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Re: [avr-gcc-list] A Question Of Optmization

From: David Brown
Subject: Re: [avr-gcc-list] A Question Of Optmization
Date: Wed, 16 Apr 2008 09:20:34 +0200
User-agent: Thunderbird (Windows/20080213)

Ruud Vlaming wrote:

I think it is not as strange as it might seem.

If you say -O0 the compiler will do exactly what you
asked him to do. And this is what you intended.

But if you let the compiler optimize, it recognizes
that your variable TimerTick is set to 10 and will
never change. So it will just make sure the location
reserved for the variable is correctly filled, and then will loop forever.

You must tell the compiler explicitly the variable
TimerTick may be changed by a 'backdoor'.
volatile TimerTick = 10;


Your answer here (after the little correction in your second post) is of course correct - he's missing the "volatile". However, your explanation is not entirely accurate. I don't know if my rant here applies to you (Ruud), but it is hopefully informative to the OP (Karl) at least.

It's a very common misunderstanding to think that "-O0" tells the compiler to "do exactly what the program asks", and turning on optimisation tells the compiler it can do smart tricks with your code.

In fact, the compiler will *always* do *exactly* what your program code asks (baring bugs in the compiler, of course). Optimisation flags are really no more than hints - they will not affect the correctness of your program if you have written your code according to the language C and the way C compilers are required to implement that language. The flags let you fine-tune tradeoffs such as space and speed, or test or avoid experimental compiler features. But using "-O0" is asking the compiler to be intentionally crippled and simple-minded as a possible aid to finding out what's wrong in your program. You are not *telling* the compiler to restrict itself in this way, merely *asking* it - a compiler can correctly return tightly optimised code when given a "-O0" flag. You are not asking it to interpret your code in any other way, and the compiler is still free to remove any parts of your source code that it is sure will never run, or any variables that are never used. All you are doing is asking it not to try so hard to find such code.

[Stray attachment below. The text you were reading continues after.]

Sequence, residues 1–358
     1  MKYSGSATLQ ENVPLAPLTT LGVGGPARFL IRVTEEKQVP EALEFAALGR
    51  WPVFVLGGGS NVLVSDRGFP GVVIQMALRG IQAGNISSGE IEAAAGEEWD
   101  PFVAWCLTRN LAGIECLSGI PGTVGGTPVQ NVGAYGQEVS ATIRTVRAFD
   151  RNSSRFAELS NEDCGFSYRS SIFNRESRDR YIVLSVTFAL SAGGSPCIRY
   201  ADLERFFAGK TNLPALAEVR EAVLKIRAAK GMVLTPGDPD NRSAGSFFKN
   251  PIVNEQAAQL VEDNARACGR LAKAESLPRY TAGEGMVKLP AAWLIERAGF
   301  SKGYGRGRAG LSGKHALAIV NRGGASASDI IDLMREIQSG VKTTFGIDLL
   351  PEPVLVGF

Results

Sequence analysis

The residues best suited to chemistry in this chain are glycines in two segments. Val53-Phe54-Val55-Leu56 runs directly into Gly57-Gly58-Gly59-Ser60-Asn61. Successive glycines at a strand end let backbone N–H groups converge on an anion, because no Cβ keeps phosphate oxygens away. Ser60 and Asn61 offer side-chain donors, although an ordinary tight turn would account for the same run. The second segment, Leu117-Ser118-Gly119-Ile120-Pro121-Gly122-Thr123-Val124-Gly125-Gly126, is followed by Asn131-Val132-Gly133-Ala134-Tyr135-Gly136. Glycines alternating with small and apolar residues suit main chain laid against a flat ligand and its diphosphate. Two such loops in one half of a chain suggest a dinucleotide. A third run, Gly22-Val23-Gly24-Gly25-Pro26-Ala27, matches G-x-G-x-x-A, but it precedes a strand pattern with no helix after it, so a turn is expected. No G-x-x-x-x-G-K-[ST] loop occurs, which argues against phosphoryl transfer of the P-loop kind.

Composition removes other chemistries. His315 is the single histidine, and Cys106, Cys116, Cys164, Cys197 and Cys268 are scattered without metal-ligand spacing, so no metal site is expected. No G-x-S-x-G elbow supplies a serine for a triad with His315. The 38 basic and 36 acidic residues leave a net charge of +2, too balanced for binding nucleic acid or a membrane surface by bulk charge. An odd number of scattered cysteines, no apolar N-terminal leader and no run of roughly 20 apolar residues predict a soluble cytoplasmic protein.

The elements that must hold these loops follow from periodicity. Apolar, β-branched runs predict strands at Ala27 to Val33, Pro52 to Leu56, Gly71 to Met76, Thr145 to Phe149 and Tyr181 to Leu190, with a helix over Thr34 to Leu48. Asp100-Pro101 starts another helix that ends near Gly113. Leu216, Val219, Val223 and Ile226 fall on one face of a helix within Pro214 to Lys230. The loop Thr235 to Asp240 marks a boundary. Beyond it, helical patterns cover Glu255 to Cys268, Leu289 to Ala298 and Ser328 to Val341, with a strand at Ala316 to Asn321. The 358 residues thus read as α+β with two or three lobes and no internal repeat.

So while problems on the lines of "it works with -O0, but not -Os or -O2" are almost always solved by putting "volatile" in the right place, it is important to remember that the source code with the missing volatile is wrong, even if it happens to work with -O0. It's not a case of "you need volatile to make the code work with optimisations" - it's a case of "you need volatile to make the code correct".



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